This was written by Kenny Gamble and Leon Huff, a songwriting team that helped create the Philadelpia Soul sound of the '60s and '70s. The Intruders were the first band Gamble and Huff recorded on their own label, and the success of this helped them launch the Philadelphia International label, where they wrote and produced songs for Billy Paul, The O'Jays, and Harold Melvin & The Blue Notes.
Gamble and Huff are constantly writing down ideas for songs, and often start with a title, which they did for this one. Huff explained in a 2008 interview with National Public Radio: "It's a story. Little kids grow up, and they're beating the girls up, pulling their hair - they don't treat them tender. Then all of the sudden they realize that girls are made for kissing. And the girls go from baby dolls to boys. We were trying to write lyrics that were different, take a different angle and be as clever as possible."
Martin from Los Angeles, CaThe Intruders names were Little Sonny (Lead Singer), Big Sonny (His brother), Phil and Byrd.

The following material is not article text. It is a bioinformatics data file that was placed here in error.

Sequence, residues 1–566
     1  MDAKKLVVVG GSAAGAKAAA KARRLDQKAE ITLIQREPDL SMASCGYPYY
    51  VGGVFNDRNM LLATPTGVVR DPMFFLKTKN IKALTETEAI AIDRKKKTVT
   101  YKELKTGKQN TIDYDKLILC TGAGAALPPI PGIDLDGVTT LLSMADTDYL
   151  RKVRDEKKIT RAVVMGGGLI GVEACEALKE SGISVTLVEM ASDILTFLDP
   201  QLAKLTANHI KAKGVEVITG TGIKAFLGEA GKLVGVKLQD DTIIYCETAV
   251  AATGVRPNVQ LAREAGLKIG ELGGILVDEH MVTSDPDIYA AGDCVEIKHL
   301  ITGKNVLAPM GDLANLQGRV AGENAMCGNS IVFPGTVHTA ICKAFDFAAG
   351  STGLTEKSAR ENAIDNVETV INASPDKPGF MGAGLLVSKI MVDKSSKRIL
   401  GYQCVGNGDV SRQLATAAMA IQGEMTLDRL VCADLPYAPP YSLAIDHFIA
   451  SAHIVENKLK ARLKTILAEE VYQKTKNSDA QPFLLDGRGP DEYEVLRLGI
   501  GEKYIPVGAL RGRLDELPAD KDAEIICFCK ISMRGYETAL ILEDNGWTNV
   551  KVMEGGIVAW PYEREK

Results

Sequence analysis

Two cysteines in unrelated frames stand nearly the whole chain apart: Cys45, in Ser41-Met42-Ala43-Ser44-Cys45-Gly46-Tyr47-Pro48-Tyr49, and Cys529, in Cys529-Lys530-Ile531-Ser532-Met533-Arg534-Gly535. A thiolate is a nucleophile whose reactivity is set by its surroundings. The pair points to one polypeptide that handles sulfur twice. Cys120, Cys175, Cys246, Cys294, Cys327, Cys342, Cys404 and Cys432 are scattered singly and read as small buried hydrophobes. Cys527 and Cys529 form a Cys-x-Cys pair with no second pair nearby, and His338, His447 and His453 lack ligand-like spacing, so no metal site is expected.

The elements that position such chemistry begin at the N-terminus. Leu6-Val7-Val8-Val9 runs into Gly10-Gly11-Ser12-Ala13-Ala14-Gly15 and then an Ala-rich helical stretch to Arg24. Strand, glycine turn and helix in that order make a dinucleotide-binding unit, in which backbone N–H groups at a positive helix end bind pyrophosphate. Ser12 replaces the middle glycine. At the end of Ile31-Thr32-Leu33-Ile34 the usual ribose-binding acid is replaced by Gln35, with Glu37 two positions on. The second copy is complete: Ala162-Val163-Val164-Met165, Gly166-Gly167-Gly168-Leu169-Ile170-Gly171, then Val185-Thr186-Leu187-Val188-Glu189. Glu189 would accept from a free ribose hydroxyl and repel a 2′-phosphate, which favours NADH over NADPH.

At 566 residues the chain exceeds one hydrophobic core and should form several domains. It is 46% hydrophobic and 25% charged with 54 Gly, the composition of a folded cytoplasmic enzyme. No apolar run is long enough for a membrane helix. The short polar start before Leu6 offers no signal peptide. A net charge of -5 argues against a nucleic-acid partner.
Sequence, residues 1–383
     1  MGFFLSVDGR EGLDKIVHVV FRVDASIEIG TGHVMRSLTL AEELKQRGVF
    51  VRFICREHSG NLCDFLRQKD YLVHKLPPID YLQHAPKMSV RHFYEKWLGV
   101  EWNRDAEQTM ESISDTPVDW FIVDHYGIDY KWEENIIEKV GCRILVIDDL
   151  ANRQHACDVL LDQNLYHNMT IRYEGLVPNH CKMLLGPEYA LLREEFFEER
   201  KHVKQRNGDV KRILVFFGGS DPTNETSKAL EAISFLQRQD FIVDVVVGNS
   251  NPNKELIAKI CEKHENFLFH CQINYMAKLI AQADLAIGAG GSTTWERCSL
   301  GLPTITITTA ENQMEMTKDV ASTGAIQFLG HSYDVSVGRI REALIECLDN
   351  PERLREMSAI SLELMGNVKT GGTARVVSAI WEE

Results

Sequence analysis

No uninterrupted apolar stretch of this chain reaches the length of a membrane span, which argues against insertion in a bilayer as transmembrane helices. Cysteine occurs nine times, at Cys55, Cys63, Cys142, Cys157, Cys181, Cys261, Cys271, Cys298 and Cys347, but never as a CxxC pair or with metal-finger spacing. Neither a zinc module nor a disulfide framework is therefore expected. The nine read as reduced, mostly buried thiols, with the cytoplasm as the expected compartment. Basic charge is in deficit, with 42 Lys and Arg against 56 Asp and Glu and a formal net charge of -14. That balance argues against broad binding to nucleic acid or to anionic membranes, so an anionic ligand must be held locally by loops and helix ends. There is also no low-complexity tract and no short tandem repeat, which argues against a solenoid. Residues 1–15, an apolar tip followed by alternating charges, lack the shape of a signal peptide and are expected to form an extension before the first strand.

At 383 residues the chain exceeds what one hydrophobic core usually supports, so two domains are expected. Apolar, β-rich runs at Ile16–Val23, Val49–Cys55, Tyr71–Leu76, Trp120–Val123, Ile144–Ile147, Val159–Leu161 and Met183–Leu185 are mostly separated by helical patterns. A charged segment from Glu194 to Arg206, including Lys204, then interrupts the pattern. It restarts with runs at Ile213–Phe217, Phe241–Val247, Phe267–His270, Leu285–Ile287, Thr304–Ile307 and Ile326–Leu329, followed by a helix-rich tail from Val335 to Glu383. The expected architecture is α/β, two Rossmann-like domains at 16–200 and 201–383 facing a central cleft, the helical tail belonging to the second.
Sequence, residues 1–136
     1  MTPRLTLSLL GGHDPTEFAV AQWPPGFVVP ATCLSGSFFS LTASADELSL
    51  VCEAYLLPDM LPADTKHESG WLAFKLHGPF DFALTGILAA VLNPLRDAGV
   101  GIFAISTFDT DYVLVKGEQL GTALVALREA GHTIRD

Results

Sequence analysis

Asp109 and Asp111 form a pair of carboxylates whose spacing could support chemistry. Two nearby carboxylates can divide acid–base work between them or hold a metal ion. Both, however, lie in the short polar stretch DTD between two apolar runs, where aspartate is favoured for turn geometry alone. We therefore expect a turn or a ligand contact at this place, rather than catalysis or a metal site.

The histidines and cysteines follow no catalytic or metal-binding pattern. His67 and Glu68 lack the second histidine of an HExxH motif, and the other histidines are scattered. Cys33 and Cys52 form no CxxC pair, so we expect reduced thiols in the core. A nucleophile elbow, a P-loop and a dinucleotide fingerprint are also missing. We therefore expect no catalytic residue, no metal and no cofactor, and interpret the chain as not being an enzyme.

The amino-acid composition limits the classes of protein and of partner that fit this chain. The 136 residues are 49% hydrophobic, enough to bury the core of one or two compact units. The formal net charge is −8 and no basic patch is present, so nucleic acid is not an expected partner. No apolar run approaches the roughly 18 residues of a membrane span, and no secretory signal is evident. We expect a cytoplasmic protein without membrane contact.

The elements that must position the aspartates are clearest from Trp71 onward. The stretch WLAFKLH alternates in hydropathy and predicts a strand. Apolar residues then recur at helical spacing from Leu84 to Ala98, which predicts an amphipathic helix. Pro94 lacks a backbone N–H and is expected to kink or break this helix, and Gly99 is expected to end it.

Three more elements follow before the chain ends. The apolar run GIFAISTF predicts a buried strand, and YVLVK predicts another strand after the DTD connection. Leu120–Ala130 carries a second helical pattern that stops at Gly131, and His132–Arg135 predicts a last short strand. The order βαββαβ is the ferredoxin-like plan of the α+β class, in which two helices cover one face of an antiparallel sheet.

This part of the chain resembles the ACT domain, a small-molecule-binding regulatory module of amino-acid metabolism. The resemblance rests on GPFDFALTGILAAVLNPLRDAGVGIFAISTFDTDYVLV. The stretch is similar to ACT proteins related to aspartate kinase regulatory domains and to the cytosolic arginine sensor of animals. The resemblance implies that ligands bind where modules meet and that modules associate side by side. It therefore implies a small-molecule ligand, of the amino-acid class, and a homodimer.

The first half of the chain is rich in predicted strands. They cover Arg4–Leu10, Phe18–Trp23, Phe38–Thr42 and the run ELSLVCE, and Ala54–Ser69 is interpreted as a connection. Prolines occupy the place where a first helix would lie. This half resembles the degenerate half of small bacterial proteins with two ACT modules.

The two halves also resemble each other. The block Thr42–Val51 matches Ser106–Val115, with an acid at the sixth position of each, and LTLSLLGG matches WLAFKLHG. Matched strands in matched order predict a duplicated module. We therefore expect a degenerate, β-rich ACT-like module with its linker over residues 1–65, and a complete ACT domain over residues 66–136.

Barbara from Queens, New York, NyI was just making dinner and this song came to mind. I loved it then and I still do. I will be singing it for days. Oh, how I wish those days were back now!!
Michael from Chicago, IlI remember this song with some sweet memories. What tickles me the most is that this song, like the Delfonics' 'La La Means I Love You', was a song every guy in my school and neighborhood tried to sing - and couldn't!!
John from Nashville, TnThe first two lines of this song were incorporated in Tierra's 1980 remake of the Intruders r&b hit "Together". Tierra's version of the song went top 10 pop.
William from New Orleans, LaThis song brings back many fond memories.I remember hearing it when I was a young child,and since I am a musician I've played and sung it also. Great song!
Bill from Queens, NyI listened to the song "Cowboys to Girls" a lot when I was in Vietnam with the Marines in 1968. It meant so much to me because it reminded me of growing up and peace and normalcy. It was one of the songs that kept me sane in the midst of carnage and insanity. I would like to thank Kenny Gamble, Leon Huff, and The Intruders for their precious gift of music.